06 Nov 2018 | 03:03 pm | 2 min. read
The High Court today issued an injunction barring ticket touts from selling tickets on Cheltenham racecourse premises.
The injunction, which the Jockey Club had applied for ahead of the start of the racing season at Cheltenham on Saturday, is the first such injunction granted to a racecourse in the UK.
Julian Diaz-Rainey, a partner who specialises in resolving disputes and in regulatory compliance in sport at law firm Pinsent Masons, said the injunction issued by the High Court on Thursday was a clear sign that the UK judiciary will support event organisers and venue owners in making it harder for ticket touts to operate successful on the fringes of major event.
Pinsent Masons advised the Jockey Club, with a team including Trevor Watkins, Julian Diaz-Rainey, Charlotte Evenden, Katie Hancock, Alexander Richardson and Matt Russell. Pinsent Masons instructed John Steel Q.C. and Victoria Hutton of 39 Essex Chambers to act for the Jockey Club in court.
The injunction issued in this latest case represents a pre-emptive and direct attempt to clampdown on 'persons unknown' who engage in ticket touting ahead of major race meets at Cheltenham, and is an example of action other event organisers and venue operators could look to take too, lawyers at the firm said, stressing that this case goes a step further in advancing an injunction against persons unknown giving considerably more latitude than previous cases.
"Ticket touting is a scourge of many sports, including football, rugby and athletics, and is also extremely prevalent in the wider entertainment arena, such as at music festivals," Diaz-Rainey said. "This ruling therefore has the potential to have major repercussions for touts operating across the full spectrum of popular events as it shows the increasing appetite within the sports and entertainment sectors to tackle the issue.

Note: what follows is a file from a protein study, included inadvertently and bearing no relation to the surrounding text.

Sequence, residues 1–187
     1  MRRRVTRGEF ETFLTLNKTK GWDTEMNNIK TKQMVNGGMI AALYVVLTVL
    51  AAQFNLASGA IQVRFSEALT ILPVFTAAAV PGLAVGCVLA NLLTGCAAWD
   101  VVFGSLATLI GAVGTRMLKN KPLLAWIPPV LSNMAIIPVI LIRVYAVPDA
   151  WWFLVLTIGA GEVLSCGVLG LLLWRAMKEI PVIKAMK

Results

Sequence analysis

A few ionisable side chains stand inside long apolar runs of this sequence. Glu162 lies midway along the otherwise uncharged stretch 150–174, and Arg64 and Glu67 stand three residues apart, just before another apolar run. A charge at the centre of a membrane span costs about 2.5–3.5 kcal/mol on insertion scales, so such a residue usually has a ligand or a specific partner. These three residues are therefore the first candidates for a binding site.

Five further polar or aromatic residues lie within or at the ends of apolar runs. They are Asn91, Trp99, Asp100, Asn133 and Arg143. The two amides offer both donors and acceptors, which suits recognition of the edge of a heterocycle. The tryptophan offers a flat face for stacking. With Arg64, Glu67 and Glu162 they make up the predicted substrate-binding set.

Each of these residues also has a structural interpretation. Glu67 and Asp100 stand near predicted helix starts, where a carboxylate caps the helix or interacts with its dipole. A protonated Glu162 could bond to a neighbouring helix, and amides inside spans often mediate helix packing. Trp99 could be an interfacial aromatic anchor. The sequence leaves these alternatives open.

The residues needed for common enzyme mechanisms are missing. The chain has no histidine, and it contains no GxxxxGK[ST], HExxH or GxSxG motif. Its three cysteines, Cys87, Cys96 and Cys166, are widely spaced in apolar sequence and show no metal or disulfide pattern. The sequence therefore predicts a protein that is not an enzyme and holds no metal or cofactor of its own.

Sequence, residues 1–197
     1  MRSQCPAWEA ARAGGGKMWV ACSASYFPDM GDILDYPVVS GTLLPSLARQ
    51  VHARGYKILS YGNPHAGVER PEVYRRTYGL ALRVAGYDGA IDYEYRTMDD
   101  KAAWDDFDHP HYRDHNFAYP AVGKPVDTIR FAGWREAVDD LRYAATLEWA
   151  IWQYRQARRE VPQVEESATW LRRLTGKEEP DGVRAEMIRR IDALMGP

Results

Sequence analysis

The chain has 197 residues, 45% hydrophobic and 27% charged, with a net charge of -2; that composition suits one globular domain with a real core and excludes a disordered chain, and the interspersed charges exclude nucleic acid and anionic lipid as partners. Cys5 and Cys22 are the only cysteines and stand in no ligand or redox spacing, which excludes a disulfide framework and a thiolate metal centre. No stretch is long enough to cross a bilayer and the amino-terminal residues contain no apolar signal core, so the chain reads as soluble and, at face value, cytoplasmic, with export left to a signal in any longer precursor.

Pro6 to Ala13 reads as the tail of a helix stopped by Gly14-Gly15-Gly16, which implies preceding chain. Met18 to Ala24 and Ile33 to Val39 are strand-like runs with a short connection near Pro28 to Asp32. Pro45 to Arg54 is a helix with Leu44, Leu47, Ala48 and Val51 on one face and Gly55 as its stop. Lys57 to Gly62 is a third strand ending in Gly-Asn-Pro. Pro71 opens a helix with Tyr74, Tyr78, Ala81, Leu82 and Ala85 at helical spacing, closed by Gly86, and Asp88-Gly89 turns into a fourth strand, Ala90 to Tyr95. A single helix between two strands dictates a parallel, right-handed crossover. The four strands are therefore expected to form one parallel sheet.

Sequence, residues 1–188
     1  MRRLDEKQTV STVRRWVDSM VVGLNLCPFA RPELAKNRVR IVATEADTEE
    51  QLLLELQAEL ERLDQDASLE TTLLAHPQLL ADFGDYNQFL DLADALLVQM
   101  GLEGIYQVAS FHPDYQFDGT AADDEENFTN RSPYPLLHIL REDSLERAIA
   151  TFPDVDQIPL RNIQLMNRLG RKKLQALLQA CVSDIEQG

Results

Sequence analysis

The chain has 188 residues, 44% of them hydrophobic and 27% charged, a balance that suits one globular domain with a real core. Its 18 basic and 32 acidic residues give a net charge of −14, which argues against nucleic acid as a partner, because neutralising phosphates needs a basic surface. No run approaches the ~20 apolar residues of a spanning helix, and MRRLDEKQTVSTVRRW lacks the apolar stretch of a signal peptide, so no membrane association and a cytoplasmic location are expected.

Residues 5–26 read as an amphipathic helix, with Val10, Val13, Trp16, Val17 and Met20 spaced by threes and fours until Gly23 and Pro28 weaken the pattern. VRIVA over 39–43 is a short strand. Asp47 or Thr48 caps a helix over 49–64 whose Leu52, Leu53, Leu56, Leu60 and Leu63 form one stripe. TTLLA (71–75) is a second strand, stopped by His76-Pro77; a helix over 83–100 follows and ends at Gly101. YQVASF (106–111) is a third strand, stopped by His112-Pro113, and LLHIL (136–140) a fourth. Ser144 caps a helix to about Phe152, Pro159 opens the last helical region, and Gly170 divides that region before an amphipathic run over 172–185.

Sports law, major events and commercial rights specialist Trevor Watkins also a partner at Pinsent Masons said: "This case will give event organisers and venue operators increased confidence in the ability to crackdown on touts on their premises. We expect it will lead to greater attention being placed on other affected parties, in particular local authorities who own neighbouring land, and the steps they can take to eradicate the problem."
Watkins said ticket touting has "a significant economic and reputational impact" on the organisers of major events and venue operators. According to the Jockey Club, more than 150 touts operated at the Cheltenham festival in March. It has also said that it loses out on approximately £1 million each year at racecourses it operates as a result of ticket touting.
"The statistics for racing alone are startling and serve to highlight the economic impact of ticket touting," Watkins said. "On the reputation front, anyone who has the pleasure of attending a major event, be that a Champions League match at a football ground in England, rugby international, or music festival, will be only too aware of the swarm of touts on or near the premises seeking to offload tickets to unsuspecting individuals who may later discover that the tickets they have bought are forged or invalid. This can detract from the overall customer experience that event organisers and venue operators work so hard to deliver."
Diaz-Rainey said the Jockey Club had taken "an important step" in moving to eliminate ticket touts from its premises at Cheltenham.
"Touting is an aggressive and unpleasant activity on race days, which is controlled in many cases by organised crime," he said.
"It creates an unpleasant atmosphere for racegoers who come to enjoy a family day out and makes it harder for those who genuinely enjoy the sport to buy tickets on issue, and at a fair price. The decision shows that the courts will not be held back from upholding the rights of innocent parties such as the Jockey Club simply because the identity of the wrongdoers is not known."
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